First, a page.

Why It Could Be a Long Time Before Gas Prices Come Down

Gasoline prices hit $5 a gallon on average for the first time in U.S. history this week, and there’s little sign that relief is coming soon.

The pain can be felt at pumps across the country, but drivers in California are among the hardest hit. The average gallon of gas in the state has reached a whopping $6.43, according to the American Automobile Association. The national average price per gallon is $5.01, and the cost is above $5 in 21 states. As the war in Ukraine rages on and inflationary pressures reach new levels, lawmakers are scrambling to find a quick solution.
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On Wednesday, President Joe Biden called on major U.S. oil refiners to ramp up production of gasoline and diesel, slamming oil and gas refiners that he said had “tripled” their profit margins while American families face a crunch on prices. “The crunch that families are facing deserves immediate action,” Biden wrote in a letter to seven oil refiners. “Your companies need to work with my Administration to bring forward concrete, near-term solutions that address the crisis.”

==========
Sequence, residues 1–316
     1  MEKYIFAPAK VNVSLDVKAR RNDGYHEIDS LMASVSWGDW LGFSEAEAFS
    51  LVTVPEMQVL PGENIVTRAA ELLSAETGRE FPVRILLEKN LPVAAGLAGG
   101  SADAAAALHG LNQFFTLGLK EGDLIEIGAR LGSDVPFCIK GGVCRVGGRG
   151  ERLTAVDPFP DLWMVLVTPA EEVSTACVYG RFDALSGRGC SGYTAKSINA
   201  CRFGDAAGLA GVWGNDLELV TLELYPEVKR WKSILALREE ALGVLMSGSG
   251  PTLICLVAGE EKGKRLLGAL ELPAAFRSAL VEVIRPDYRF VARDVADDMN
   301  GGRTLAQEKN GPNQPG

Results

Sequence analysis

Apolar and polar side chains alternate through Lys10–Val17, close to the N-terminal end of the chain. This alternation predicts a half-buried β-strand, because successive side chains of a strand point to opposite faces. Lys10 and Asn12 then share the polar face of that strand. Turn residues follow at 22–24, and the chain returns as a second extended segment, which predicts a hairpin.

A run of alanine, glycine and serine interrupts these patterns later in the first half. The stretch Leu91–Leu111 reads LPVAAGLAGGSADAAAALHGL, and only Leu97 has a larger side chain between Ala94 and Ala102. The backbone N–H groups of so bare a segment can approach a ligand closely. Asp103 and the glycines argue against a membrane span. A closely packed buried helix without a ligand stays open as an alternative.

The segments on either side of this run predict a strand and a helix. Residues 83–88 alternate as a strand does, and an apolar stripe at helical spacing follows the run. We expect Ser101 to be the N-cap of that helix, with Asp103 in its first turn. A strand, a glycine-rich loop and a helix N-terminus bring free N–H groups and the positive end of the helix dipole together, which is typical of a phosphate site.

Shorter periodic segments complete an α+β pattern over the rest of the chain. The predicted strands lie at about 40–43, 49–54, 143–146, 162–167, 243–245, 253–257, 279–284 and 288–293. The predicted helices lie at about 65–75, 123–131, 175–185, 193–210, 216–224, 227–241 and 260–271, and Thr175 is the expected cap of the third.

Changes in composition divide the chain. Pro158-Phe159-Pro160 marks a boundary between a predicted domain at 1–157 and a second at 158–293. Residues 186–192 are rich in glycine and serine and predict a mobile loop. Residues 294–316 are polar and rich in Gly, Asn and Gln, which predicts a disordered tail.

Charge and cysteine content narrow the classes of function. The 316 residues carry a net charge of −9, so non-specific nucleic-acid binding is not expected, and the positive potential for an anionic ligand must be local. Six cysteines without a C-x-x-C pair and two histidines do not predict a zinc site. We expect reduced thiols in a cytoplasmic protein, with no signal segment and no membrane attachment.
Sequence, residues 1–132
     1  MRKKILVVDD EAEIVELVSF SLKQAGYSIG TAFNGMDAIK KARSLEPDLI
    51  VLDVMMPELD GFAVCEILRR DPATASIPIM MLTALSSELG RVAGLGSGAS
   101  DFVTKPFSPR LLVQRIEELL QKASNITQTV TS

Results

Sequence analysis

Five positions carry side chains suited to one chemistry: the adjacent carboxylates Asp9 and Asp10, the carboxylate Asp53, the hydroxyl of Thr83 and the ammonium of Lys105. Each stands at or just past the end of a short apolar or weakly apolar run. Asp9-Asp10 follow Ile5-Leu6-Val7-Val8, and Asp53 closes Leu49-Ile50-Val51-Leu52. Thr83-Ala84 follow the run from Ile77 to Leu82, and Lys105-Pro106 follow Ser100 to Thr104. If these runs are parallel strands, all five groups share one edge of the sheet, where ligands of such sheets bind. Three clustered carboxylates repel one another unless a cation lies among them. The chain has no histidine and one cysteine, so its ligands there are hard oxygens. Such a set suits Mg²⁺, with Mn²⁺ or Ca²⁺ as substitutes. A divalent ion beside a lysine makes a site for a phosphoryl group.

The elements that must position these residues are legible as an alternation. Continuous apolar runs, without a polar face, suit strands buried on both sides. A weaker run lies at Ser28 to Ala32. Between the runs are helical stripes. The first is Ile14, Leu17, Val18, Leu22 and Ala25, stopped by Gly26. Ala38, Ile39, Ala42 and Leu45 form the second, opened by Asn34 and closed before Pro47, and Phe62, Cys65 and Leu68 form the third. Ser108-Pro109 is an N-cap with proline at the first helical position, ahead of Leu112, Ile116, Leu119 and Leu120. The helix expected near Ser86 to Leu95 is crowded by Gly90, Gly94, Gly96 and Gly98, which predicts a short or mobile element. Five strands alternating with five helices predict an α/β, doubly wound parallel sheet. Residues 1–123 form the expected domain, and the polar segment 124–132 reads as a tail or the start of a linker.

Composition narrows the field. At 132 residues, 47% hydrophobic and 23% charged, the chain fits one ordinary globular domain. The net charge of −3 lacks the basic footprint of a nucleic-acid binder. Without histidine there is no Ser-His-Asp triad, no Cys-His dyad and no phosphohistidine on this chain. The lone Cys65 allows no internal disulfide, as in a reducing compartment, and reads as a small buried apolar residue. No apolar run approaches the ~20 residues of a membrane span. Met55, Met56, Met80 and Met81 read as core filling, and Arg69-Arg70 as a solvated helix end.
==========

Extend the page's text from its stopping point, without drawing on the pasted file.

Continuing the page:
But experts have warned there’s not much lawmakers can do to immediately curb inflation, warning that gas prices will likely continue to rise in the coming months.

Here’s what you need to know.

Why are gas prices still rising?

A number of factors have led to the current situation, including increased demand for gasoline, Russia’s invasion of Ukraine and supply chain disruptions induced by the pandemic.

As more Americans travel by car and commute to work this summer following COVID-19 lockdowns in recent years, oil companies have had to quickly ramp up production to meet growing demand. Many of these companies had shut down wells and laid off workers during the pandemic—a time when crude prices were so low that some traders were …read more

Source:: Time – Business

      

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